How can we have peace? Philippians 4:1-9 New Resources by Revd. Alex Pease

New Resources Philippians 4:1-9

How can we have peace? I don’t mean “PEACE man!” as the hippies used to say in the 70s, although, of course, not having conflict in the world would be wonderful….

But how can we have peace, in the every day situations in which we find ourselves:

when we are facing the sack

when we have a devastating diagnosis

when we have lost our money

when we are arguing with our spouse

when life seems pointless…..

even in the trivial situations:

when we are stuck on a train (because of leaves on the line)

how is it that some people seem to be able to travel through these difficult waters without trouble, while others scream, shout and sob?

How can we have peace?

As you know, at Valley Worship this year we have been enjoying a series of talks on Paul’s letter to the Philippians.  In February at Valley Worship we looked at the new heart that we have in Jesus Christ when we are baptised by the Holy Spirit and born again from above and we become followers of Christ.

In subsequent months we looked at all sorts of other aspects of having that new heart.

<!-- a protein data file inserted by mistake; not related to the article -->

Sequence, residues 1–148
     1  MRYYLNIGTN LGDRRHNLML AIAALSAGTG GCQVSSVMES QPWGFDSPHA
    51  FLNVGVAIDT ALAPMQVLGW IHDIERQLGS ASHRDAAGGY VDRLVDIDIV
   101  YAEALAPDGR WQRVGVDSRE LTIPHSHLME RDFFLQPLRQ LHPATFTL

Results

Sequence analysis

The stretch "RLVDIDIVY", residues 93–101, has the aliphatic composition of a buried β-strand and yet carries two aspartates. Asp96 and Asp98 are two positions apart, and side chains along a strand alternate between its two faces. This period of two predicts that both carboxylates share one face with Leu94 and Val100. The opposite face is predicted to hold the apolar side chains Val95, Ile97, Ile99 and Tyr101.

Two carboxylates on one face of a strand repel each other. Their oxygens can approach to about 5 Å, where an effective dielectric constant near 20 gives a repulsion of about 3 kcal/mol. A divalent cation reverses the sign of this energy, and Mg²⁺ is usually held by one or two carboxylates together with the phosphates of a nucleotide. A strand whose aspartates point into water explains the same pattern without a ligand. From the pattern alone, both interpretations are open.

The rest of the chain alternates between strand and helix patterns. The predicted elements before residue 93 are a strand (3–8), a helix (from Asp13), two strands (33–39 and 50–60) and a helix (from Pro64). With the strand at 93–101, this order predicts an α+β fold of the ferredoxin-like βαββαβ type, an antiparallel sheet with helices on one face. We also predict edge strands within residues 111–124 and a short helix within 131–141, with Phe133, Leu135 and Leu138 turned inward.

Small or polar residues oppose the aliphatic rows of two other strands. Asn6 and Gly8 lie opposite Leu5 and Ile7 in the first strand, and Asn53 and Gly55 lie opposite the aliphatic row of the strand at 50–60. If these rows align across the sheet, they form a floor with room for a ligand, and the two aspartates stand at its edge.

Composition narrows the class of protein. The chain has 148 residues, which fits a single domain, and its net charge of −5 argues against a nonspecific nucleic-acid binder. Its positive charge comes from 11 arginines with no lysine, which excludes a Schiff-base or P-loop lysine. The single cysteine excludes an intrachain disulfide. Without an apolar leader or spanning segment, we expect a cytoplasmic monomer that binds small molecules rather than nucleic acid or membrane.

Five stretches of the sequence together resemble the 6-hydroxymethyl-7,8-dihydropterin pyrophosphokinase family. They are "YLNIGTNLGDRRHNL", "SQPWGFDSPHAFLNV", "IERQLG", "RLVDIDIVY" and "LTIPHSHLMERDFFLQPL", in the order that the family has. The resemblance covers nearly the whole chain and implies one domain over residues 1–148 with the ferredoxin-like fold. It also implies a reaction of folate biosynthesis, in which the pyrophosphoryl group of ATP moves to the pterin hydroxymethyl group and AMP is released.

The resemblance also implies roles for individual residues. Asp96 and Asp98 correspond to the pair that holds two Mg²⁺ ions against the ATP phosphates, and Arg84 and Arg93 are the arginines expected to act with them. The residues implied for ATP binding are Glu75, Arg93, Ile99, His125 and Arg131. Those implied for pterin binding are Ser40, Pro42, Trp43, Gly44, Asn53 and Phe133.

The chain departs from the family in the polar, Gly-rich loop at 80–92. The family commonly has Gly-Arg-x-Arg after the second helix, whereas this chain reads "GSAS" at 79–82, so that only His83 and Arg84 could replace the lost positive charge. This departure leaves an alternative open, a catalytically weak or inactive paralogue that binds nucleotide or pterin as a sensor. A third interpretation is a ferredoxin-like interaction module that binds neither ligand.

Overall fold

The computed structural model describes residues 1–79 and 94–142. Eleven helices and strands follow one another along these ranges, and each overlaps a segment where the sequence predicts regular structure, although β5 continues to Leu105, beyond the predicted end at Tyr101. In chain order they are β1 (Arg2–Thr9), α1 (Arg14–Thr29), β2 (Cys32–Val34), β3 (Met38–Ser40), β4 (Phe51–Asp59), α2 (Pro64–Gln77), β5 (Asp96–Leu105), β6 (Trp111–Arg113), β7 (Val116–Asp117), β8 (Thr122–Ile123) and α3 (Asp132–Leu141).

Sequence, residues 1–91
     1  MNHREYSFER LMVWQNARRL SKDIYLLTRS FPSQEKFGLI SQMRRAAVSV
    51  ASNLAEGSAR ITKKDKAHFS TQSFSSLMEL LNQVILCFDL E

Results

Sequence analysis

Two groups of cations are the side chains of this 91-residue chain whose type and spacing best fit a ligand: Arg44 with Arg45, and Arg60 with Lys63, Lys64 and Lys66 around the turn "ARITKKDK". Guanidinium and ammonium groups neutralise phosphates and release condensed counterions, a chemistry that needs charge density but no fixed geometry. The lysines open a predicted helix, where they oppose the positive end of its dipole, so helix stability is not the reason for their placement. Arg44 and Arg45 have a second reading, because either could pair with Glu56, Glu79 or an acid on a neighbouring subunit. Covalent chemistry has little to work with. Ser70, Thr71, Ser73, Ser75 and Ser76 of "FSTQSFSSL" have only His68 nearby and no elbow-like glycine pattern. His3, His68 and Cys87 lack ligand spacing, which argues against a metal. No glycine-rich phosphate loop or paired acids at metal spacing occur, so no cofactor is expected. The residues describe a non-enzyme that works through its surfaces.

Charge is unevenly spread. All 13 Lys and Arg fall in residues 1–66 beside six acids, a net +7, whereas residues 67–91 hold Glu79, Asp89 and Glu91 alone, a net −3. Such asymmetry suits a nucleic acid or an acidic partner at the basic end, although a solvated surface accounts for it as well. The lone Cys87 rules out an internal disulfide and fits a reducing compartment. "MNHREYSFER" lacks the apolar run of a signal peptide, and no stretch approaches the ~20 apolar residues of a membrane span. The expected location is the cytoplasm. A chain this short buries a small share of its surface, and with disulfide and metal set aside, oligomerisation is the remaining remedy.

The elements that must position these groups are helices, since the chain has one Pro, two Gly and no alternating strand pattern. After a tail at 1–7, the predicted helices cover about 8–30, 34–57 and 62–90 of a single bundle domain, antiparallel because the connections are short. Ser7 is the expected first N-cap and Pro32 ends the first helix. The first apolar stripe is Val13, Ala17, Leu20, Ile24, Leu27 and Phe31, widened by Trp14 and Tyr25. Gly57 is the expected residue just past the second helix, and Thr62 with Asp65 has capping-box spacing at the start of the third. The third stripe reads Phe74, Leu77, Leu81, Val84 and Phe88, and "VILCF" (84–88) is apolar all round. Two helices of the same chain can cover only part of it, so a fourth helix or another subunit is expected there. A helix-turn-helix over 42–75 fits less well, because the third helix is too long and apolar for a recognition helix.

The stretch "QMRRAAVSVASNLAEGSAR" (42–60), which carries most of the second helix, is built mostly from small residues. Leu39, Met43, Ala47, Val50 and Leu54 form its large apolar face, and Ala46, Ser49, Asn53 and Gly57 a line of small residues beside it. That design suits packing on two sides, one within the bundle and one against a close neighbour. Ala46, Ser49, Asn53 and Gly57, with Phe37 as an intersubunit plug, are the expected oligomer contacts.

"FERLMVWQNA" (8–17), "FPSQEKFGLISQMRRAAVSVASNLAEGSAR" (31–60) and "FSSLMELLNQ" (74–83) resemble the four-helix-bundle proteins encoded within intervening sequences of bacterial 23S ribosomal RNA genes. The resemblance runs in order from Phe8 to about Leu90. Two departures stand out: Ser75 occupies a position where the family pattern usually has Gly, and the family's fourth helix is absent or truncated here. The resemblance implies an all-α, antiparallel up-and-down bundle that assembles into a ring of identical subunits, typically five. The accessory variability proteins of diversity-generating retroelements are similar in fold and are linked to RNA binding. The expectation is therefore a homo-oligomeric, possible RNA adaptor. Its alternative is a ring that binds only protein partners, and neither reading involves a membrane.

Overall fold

This month I am speaking about the new resources that we can have in Jesus Christ: namely the peace of God and the God of peace; resources which will help us navigate our way through life and enable us to stand firm as Christians.  To stand firm in the Lord.

How can we have that peace?

How can we stand firm in the Lord?

This peace that we need is not just ‘peaceful feelings’ but a sense of peace summed up in the word ‘shalom’ which suggests a sense of wholeness; the inner wholeness of the the fulfilled person.

But how do we obtain these resources?

Paul answers this question by five points made in this passage:

where we look for our joy

how we conduct our relationships